In the Ontario Court of Appeal’s first decision of 2019, the Court unanimously reversed a stay of proceedings and allowed a class action suit to continue within the judicial system, despite an arbitration clause between the parties.

Currently, Uber drivers are considered independent contractors and are not entitled to the protections granted by the Ontario Employment Standards Act (ESA).The case, Heller v. Uber Technologies, Inc., is merely the latest arena in which Uber drivers demand to be classified as employees, who are entitled to statutory benefits under the ESA such as minimum wage, vacation pay, and other protections. However, an arbitration clause included in Uber’s standard employment contract requires all disputes to be decided by private arbitration held in Amsterdam and subject to the laws of the Netherlands. The entry cost of arbitration was about $14,500, even for a minimal claim.

In January 2018, Ontario Superior Court Justice Paul Perell granted Uber’s motion to stay the class action proceedings and held that the drivers were bound by the arbitration clause in their employment agreements. The Court of Appeals recently overruled Justice Perell’s decision by finding that the arbitration agreement is invalid for two reasons: (1) unlawful contracting and (2) unconscionability.

Unlawful Contracting

Assuming that drivers should be classified as employees, an arbitration agreement would abrogate a driver’s right to file complaints to the Ministry of Labour, as allowed under the ESA. An arbitration clause that eliminates a statutory right that the drivers could be granted under the ESA unlawfully contracts around the ESA and is therefore invalid and unenforceable.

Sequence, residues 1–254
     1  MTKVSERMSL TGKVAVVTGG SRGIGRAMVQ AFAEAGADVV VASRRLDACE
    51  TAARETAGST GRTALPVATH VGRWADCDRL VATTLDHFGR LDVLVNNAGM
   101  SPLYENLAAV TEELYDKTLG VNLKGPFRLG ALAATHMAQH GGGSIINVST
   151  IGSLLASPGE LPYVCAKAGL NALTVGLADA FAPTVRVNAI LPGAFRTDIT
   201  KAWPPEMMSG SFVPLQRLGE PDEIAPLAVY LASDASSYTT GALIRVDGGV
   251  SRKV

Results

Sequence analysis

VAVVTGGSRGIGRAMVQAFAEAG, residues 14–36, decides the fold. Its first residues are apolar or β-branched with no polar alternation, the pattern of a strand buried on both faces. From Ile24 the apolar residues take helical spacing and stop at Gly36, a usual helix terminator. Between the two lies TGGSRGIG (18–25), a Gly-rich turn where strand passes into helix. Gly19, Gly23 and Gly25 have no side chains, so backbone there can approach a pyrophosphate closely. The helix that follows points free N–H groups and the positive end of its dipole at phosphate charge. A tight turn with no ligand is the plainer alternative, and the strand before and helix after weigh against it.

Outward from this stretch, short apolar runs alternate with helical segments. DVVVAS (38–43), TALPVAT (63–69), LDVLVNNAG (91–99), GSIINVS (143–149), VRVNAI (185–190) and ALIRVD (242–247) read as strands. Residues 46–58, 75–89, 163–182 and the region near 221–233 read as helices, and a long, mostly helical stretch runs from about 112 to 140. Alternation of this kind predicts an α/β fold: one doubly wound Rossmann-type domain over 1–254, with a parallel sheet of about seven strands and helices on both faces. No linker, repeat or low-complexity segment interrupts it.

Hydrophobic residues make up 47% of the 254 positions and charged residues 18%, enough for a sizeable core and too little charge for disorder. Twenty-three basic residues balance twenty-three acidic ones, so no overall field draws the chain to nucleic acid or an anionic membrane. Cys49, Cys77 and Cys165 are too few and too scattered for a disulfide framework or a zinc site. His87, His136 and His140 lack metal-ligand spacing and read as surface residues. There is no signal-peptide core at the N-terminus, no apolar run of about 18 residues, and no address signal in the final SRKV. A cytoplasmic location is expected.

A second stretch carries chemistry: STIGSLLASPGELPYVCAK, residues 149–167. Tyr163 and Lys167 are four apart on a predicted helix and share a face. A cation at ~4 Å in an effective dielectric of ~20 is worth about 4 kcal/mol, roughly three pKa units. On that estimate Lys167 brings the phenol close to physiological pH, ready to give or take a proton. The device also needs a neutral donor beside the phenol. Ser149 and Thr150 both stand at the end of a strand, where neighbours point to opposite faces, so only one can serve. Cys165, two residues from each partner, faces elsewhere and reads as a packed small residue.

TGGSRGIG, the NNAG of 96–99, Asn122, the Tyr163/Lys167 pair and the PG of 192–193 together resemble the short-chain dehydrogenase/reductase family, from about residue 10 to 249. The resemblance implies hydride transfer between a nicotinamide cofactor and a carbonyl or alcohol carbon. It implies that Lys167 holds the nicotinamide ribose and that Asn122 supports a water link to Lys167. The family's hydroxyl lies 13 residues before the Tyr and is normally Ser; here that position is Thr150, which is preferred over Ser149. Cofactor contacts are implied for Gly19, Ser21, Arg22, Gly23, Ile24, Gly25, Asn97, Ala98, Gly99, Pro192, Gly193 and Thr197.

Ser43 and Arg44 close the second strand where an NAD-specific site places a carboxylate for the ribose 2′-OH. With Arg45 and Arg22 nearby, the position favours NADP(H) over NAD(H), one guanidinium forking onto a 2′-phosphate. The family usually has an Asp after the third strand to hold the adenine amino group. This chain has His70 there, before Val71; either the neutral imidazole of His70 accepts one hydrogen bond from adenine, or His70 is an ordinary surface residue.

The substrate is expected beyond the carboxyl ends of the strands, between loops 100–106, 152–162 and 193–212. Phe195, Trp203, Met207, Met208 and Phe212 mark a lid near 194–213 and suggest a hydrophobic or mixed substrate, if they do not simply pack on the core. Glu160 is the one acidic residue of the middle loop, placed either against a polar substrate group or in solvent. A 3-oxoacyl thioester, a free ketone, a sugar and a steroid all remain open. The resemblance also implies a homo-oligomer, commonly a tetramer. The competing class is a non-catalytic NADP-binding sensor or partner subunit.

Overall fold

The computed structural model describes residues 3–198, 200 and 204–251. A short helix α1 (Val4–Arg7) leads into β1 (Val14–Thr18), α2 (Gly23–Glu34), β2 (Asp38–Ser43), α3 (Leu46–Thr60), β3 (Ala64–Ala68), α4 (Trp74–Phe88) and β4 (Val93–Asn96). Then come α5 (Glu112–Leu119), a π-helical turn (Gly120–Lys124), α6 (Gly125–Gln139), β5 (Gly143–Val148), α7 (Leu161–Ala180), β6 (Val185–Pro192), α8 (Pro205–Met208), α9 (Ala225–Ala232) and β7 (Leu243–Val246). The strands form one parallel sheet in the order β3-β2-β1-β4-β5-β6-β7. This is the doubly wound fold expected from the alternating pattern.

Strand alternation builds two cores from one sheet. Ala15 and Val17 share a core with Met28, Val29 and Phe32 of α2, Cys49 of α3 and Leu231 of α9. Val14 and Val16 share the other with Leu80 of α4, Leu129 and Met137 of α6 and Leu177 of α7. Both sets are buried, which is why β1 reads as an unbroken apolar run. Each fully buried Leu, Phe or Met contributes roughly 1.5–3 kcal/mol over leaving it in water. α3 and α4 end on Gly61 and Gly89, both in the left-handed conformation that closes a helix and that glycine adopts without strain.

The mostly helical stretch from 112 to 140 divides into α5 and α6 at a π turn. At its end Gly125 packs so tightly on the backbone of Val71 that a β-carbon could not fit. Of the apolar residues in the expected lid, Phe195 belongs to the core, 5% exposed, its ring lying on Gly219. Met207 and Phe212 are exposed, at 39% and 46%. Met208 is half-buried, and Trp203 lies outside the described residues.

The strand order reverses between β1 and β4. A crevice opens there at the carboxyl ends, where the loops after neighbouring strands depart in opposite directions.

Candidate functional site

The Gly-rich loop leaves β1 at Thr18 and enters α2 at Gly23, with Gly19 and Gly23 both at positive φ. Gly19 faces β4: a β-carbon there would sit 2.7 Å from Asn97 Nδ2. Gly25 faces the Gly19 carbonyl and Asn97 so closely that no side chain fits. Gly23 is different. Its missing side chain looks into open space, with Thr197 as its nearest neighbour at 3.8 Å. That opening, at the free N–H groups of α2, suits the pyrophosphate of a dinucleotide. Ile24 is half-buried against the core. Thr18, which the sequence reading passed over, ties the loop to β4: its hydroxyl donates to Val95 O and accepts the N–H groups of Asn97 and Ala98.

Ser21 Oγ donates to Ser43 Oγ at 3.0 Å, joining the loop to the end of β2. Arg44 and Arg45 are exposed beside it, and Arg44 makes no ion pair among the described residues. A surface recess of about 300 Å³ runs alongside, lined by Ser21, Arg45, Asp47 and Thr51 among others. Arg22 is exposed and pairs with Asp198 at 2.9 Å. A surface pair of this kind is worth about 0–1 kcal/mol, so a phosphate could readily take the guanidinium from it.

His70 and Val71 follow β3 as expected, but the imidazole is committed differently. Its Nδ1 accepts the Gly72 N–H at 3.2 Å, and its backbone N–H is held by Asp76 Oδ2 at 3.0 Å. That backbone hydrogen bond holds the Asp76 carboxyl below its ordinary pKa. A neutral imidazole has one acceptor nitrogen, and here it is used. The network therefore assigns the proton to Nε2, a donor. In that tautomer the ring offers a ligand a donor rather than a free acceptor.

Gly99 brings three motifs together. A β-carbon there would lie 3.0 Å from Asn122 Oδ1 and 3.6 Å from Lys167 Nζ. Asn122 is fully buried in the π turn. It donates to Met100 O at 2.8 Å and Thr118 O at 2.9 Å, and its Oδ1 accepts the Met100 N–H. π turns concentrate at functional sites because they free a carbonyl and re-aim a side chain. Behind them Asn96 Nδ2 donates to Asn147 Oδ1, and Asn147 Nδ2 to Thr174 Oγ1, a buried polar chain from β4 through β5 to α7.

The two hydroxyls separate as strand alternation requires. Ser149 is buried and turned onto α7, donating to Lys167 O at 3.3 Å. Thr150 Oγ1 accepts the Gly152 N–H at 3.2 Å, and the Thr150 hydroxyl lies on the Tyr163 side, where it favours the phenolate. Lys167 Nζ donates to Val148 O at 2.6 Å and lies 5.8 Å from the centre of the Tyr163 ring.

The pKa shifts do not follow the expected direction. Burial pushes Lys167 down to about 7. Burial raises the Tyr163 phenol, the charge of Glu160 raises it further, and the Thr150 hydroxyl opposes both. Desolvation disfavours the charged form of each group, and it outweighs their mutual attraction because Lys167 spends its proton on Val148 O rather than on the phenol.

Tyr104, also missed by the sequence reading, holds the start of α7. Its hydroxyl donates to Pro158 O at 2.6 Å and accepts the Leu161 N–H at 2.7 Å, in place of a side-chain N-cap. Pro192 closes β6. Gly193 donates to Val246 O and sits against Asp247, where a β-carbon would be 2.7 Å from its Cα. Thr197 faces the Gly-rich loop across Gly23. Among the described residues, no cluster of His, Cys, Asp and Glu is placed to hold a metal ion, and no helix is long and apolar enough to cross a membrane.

According to the Court, a contract provision is unconscionable when the following four elements are satisfied:

  • A grossly unfair and improvident transaction;
  • A victim’s lack of independent legal advice or other suitable advice;
  • An overwhelming imbalance in bargaining power caused by the victim’s ignorance of business, illiteracy, ignorance of the language of the bargain, blindness, deafness, illness, senility, or similar disability; and
  • The other party’s knowingly taking advantage of this vulnerability.

The Court held that all four elements were sufficiently satisfied here because there was no evidence showing that the drivers had access to or received professional advice, comparatively the drivers had no bargaining power against Uber, and it was clear that Uber formed this clause “in order to favour itself and take advantage of drivers.” Therefore, the Court held that the arbitration clause was invalid and unenforceable due to gross unfairness and unconscionability.

It will be interesting to observe whether the reasoning in this decision regarding lack of bargaining power and unconscionability will be primarily contained to the employment sector or will expand and be applied to arbitration clauses in general.


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